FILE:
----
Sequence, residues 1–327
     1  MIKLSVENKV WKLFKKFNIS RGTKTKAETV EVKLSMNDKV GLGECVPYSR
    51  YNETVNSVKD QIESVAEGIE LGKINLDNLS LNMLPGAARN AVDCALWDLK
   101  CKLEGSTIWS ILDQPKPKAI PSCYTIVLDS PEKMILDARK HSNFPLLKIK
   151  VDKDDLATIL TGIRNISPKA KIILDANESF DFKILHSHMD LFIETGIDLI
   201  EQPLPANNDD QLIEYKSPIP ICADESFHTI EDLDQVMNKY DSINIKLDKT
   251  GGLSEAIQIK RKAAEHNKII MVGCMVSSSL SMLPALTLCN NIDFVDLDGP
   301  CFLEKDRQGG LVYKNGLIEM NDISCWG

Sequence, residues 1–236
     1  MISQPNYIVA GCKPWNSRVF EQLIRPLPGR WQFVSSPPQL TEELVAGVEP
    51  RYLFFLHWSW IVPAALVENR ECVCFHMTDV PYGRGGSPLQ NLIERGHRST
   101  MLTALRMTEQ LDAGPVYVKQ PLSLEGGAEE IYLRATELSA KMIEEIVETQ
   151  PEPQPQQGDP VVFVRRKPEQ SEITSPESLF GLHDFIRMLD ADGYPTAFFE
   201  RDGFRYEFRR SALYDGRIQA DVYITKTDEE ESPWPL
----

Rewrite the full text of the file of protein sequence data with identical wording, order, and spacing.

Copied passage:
Sequence, residues 1–327
     1  MIKLSVENKV WKLFKKFNIS RGTKTKAETV EVKLSMNDKV GLGECVPYSR
    51  YNETVNSVKD QIESVAEGIE LGKINLDNLS LNMLPGAARN AVDCALWDLK
   101  CKLEGSTIWS ILDQPKPKAI PSCYTIVLDS PEKMILDARK HSNFPLLKIK
   151  VDKDDLATIL TGIRNISPKA KIILDANESF DFKILHSHMD LFIETGIDLI
   201  EQPLPANNDD QLIEYKSPIP ICADESFHTI EDLDQVMNKY DSINIKLDKT
   251  GGLSEAIQIK RKAAEHNKII MVGCMVSSSL SMLPALTLCN NIDFVDLDGP
   301  CFLEKDRQGG LVYKNGLIEM NDISCWG

Sequence, residues 1–236
     1  MISQPNYIVA GCKPWNSRVF EQLIRPLPGR WQFVSSPPQL TEELVAGVEP
    51  RYLFFLHWSW IVPAALVENR ECVCFHMTDV PYGRGGSPLQ NLIERGHRST
   101  MLTALRMTEQ LDAGPVYVKQ PLSLEGGAEE IYLRATELSA KMIEEIVETQ
   151  PEPQPQQGDP VVFVRRKPEQ SEITSPESLF GLHDFIRMLD ADGYPTAFFE
   201  RDGFRYEFRR SALYDGRIQA DVYITKTDEE ESPWPL